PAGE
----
NETHERLANDS Frequent earthquakes have caused the Dutch government to temporarily limit maximum allowed extraction of gas from the Groningen natural gas field for the first half of 2015. In July, a possible further reduction of gas extraction will be decided which could lead to the Netherlands becoming more dependent on gas imports.

The Groningen gas field in the northern part of the Netherlands is Europe’s largest and one of the biggest in the world. It was discovered in 1959 and production started in 1961. The Dutch state has a 50 per cent share in the gas field, with the remainder in the hands of Shell and ExxonMobil. The gas field is operated by the Nederlandse Aardolie Maatschappij (NAM), a joint venture between Royal Dutch Shell and ExxonMobil.

Gas extraction in Groningen amounted to 47.8 billion cubic metres (bcm) in 2012, 53.9 bcm in 2013 and 42.5 bcm last year.

Revenues from the Groningen gas operations during 2014 contributed EUR 9.1 billion to the Dutch treasury.

Compensation for damages
Frequent earthquakes caused by the gas extraction have led to damage to houses and buildings in the Groningen region. Residents have in contacts with the government demanded answers to why gas extraction hasn’t been limited or halted altogether. They have also demanded compensation for damage to their property.

Research on the safety and quality of life in the Groningen province already led to the reduction of the 2015 production ceiling in 2014 and additional research is now underway.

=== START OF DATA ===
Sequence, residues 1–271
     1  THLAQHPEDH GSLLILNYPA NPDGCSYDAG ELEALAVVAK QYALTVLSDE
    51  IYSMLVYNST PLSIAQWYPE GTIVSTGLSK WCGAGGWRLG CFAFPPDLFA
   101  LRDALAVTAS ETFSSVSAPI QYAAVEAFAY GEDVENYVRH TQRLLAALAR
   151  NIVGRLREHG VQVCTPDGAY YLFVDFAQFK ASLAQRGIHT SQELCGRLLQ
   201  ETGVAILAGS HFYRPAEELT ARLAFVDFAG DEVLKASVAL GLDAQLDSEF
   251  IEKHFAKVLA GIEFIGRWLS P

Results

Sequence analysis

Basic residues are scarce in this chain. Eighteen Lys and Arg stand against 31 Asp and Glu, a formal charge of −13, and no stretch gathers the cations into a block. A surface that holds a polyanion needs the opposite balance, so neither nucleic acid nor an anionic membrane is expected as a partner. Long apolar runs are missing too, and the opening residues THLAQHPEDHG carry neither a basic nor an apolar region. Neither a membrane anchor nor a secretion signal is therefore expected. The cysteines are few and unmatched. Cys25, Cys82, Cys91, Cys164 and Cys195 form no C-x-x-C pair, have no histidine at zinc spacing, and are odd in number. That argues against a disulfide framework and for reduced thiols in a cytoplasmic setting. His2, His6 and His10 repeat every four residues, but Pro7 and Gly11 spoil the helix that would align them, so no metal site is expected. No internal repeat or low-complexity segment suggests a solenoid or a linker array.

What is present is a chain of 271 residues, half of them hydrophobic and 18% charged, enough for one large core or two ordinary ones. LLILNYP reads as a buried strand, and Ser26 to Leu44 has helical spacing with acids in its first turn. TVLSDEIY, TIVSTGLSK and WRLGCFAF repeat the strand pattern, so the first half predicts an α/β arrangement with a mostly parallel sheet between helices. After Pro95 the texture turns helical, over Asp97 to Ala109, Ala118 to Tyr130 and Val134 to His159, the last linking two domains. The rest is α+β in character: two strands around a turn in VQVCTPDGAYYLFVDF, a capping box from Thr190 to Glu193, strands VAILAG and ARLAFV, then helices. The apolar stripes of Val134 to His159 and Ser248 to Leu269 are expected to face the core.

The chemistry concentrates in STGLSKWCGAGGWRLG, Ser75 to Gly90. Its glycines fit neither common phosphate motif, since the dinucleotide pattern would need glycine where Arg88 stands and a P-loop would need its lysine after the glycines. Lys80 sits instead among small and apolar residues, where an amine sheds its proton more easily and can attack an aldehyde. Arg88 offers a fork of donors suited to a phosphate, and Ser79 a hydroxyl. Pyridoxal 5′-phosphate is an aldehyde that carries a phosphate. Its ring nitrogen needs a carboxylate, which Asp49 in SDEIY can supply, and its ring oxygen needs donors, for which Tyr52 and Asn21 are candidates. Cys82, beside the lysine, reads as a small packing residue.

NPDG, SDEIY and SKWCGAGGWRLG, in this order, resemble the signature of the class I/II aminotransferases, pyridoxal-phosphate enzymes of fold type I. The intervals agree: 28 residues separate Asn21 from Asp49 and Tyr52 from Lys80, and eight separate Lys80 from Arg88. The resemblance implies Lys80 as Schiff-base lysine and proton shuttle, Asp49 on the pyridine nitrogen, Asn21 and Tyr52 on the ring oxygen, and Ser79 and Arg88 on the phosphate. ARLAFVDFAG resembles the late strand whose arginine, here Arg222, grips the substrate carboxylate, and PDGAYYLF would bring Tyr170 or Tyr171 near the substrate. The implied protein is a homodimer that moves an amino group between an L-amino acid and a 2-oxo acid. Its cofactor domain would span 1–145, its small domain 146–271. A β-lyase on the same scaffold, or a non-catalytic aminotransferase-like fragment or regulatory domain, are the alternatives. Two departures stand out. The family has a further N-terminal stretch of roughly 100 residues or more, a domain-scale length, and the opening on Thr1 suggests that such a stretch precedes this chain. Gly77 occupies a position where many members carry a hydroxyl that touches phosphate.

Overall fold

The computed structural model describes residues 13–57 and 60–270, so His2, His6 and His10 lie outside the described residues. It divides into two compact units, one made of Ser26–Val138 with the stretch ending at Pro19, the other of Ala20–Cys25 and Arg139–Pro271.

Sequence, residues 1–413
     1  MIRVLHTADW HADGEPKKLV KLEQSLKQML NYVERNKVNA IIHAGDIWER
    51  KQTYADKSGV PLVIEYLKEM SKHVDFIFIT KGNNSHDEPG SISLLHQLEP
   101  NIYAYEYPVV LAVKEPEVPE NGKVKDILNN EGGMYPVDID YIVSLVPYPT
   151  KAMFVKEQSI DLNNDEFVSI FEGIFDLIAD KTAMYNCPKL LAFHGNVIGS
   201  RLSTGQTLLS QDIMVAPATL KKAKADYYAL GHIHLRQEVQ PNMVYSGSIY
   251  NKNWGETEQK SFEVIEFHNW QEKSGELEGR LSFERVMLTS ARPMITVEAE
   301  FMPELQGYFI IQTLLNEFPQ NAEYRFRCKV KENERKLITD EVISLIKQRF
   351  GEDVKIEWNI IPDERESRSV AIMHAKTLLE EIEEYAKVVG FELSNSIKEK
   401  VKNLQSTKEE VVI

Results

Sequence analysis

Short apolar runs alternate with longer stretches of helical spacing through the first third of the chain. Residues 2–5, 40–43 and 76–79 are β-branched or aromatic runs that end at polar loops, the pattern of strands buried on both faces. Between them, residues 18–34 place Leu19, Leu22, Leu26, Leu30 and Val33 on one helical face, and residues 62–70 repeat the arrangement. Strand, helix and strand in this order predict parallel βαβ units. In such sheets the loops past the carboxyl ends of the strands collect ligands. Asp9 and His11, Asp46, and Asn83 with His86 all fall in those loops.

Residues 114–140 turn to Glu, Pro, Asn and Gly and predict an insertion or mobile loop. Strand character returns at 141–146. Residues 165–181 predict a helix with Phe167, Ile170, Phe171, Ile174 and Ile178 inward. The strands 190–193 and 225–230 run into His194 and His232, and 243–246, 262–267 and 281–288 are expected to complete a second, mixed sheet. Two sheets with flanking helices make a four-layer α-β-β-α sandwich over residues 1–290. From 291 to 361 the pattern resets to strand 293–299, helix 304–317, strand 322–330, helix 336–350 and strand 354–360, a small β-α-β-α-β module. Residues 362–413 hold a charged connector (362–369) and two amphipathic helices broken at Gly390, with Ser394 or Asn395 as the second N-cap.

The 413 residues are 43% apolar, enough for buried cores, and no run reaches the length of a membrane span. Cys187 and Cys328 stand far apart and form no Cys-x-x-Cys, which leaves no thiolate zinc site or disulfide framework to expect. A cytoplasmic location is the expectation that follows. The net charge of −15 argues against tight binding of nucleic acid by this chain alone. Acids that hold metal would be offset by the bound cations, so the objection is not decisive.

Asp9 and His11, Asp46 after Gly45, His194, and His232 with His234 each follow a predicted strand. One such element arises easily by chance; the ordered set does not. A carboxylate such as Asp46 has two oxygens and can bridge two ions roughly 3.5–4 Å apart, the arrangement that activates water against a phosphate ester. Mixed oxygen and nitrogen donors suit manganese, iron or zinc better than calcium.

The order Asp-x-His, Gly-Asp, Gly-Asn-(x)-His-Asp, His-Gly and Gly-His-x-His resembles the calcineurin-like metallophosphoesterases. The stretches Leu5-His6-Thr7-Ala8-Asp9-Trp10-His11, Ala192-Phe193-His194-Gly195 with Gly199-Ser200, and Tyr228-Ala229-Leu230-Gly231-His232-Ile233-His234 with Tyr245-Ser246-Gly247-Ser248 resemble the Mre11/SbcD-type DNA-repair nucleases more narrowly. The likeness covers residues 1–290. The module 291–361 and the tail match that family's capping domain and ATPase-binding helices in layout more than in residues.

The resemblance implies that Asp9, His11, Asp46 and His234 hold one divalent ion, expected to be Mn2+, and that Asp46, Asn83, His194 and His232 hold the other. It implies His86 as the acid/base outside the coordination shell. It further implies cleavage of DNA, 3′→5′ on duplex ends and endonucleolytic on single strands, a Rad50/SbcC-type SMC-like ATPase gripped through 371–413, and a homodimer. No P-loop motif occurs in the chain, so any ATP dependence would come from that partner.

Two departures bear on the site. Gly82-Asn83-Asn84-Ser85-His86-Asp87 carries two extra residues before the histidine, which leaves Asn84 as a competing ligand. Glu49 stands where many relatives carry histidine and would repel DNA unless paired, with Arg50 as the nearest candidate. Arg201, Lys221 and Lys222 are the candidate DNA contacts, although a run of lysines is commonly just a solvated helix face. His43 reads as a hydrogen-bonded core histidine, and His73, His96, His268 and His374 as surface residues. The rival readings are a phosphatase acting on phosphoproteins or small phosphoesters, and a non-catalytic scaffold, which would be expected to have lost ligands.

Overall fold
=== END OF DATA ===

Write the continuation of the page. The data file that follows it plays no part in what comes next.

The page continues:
Safety concerns
Following the discussions with the residents, the Dutch cabinet decided to put a cap on gas production for the first half of 2015 at 16.5 bcm. A previously decided cap on production for the entire 2015 remains at the previously decreased 39.4 bcm (down from 42.5 bcm).
Henk Kamp, Minister of Economic Affairs, said at a press conference:
“In July the government will decide, on the basis of the research findings, if a further reduction is needed to address safety concerns.”

Rely on imports
If the cabinet decides to further limit gas extraction in Groningen, the Netherlands will have to rely on gas imports to a higher degree according to Helga Norrby, Senior Regulatory Advisor and expert on gas-related issues at Vattenfall. 
“The Groningen gas is low calorific but the Dutch market has conversion capacity to enable the use of high calorific gas from Norway or Russia for low calorific customers,” Helga Norrby says and states that she believes the 16.5 bcm cap to be “a highly political decision”.

“It is going to be very interesting to see what the decision for the second half of 2015 will be. It could include not only a further decreased yearly amount, but could also include limitations on the hourly production, changing the use of the gas field altogether.”

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